Bratislava, September 7 (TASR) – Experts from various scientific spheres and teachers from the United States have been able since this summer to come to Slovakia more easily on no-fee non-immigrant visas, US Ambassador to Slovakia Adam Sterling announced on Wednesday at a ceremony marking the beginning of the new academic year with the Fulbright Exchange programme.
This new procedure significantly eases the administrative burden on Fulbright scholars and specialists, the Fulbright Commission in Slovakia, and the Governments of both countries.
The easing of this process will allow American scholarship holders to teach or pursue research in Slovakia immediately.
This new amendment took effect on July 30 after nearly a year of negotiations between representatives of the US Embassy and the Slovak Government.
“The programme itself is a great boost for US-Slovak relations. Approximately 360 Americans have come to teach here and study in the past 23 years, and around 340 Slovaks have gone to the United States. This is a significant number of people who have profound experience in our countries, particularly in the academic sector, people who understand the values that unite us and who understand the histories of our countries and what our relations are based on,” Sterling told TASR.
The simplification of the procedures was also welcomed by Slovak Education, Science, Research and Sport Ministry State Secretary Olga Nachtmannova.
“I regard it as an important step towards simplifying stays for the students’ family members as well. This could bring even closer links in the future, including the emergence of friendships and knowledge of each other’s nations. Interpersonal relations then also facilitate the creation of politics,” Nachtmannova told TASR.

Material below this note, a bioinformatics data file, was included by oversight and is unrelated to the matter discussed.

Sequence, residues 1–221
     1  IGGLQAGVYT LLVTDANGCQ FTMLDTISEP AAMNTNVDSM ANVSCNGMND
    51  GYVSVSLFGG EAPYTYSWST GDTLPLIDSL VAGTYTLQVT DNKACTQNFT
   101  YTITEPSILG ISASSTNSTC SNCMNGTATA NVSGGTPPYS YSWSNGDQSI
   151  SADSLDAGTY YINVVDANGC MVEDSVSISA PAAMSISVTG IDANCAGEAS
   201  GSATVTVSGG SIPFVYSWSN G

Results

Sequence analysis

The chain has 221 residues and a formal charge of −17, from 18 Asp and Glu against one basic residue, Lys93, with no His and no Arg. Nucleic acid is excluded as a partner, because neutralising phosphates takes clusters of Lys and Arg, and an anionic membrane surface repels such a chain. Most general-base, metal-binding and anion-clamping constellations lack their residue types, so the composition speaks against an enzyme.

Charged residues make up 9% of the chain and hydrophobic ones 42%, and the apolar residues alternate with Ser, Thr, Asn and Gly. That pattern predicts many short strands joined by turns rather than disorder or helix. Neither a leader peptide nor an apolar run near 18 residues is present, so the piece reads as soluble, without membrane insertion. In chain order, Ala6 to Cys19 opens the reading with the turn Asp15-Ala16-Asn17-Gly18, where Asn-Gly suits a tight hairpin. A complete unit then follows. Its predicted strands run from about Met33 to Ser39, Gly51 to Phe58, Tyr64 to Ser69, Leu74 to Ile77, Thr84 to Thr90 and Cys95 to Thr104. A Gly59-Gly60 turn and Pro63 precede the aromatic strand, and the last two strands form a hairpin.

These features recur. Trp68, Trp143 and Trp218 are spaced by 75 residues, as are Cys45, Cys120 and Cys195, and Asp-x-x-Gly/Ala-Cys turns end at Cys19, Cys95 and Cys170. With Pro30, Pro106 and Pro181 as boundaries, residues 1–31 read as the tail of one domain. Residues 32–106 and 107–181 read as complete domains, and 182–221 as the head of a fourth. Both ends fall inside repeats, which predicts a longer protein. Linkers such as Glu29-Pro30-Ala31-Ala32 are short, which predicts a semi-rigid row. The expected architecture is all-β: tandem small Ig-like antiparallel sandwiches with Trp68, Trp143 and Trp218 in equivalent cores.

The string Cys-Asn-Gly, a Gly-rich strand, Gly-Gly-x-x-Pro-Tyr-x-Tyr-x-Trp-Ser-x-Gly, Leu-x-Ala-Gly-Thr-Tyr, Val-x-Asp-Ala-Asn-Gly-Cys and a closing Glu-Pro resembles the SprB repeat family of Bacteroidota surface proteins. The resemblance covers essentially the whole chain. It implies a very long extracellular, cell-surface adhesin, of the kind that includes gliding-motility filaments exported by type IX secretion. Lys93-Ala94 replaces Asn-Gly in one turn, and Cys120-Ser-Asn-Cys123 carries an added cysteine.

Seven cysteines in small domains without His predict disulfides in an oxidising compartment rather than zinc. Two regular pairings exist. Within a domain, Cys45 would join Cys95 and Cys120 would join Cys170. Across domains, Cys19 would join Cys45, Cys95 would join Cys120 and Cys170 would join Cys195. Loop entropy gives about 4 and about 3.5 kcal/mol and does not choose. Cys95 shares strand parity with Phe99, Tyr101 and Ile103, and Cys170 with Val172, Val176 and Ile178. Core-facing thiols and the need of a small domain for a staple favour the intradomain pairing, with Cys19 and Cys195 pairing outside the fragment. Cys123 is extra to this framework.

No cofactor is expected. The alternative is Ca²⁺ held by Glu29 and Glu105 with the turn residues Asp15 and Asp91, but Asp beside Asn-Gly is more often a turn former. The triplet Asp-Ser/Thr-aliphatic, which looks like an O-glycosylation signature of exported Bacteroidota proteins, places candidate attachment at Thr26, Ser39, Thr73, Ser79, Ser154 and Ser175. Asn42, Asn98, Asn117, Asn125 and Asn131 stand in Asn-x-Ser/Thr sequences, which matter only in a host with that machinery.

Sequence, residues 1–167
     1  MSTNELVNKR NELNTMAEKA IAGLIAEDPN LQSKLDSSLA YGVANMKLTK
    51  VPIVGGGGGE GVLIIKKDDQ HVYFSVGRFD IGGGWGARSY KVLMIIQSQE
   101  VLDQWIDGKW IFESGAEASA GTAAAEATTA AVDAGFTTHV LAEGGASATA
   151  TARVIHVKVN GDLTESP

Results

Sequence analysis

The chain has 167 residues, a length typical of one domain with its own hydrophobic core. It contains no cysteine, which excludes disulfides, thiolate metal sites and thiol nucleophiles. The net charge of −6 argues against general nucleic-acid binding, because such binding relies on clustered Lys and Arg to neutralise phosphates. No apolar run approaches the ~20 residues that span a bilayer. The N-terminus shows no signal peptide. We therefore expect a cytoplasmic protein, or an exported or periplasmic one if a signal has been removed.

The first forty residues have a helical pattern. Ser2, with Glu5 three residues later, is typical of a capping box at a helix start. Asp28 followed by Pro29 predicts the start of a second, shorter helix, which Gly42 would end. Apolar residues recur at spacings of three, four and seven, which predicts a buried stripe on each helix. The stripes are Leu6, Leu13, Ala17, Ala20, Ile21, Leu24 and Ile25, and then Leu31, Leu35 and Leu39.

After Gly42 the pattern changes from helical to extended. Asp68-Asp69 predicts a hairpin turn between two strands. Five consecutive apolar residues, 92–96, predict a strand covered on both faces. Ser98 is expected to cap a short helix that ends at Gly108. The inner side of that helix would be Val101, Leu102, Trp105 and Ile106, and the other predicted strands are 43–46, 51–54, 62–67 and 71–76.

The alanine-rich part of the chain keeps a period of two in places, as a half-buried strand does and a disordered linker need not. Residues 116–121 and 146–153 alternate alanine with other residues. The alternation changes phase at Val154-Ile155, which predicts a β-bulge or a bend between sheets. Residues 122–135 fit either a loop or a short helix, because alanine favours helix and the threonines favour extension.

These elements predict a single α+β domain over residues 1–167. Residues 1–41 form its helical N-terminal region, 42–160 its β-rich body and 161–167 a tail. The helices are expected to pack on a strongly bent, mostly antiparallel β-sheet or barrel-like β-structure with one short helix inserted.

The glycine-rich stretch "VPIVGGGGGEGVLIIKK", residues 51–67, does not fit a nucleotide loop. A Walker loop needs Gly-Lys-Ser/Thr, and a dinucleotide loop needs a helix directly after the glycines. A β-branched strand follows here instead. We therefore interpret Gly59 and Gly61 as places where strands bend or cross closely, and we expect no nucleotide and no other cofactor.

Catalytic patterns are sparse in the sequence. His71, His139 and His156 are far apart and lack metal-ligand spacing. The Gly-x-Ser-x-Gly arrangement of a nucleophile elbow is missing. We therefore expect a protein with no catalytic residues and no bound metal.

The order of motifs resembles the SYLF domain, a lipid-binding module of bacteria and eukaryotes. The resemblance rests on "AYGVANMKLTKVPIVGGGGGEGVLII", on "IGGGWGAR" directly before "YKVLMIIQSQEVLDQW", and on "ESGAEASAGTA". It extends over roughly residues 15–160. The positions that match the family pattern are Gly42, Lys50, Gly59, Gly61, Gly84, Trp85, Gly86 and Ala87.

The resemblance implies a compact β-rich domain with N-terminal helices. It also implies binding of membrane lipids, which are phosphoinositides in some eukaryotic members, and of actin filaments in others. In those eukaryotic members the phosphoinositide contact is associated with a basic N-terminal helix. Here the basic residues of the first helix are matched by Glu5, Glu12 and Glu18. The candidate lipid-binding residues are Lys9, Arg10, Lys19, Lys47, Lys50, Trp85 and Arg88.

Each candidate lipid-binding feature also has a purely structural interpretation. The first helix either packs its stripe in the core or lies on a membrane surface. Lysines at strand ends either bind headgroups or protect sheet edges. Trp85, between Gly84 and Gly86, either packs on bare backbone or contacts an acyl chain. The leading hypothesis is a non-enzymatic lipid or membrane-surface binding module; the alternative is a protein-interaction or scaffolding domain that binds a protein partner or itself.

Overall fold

For example, the Fulbright programme makes it possible for American English language teachers to work at all kinds of secondary schools throughout Slovakia.
Peter Terem, head of the International Relations and Diplomacy Department at Matej Bel University’s Faculty of Political Sciences and International Relations, acquired a scholarship in the United States in 2013-14.
“As in the sphere that I focus on – international relations and more specifically US foreign policy, including the use of nuclear weapons and security policy – I had reached a certain ceiling in Slovakia, I was looking for further opportunities,” said Terem when asked why he joined the programme.
“The stay helped me in a fantastic way. I can hardly praise it enough. I made a shift to a completely different expert level. I used the opportunities offered by this stay to the maximum. This included not only a stay at the Boston institute itself, but also lectures, seminars and conferences with people that I had only read about in books before. Now I was able to see them live, talk to them and consult with them,” said Terem.
A total of 17 Americans have come to Slovakia under the programme, while 15 Slovaks are taking part in the programme in the United States.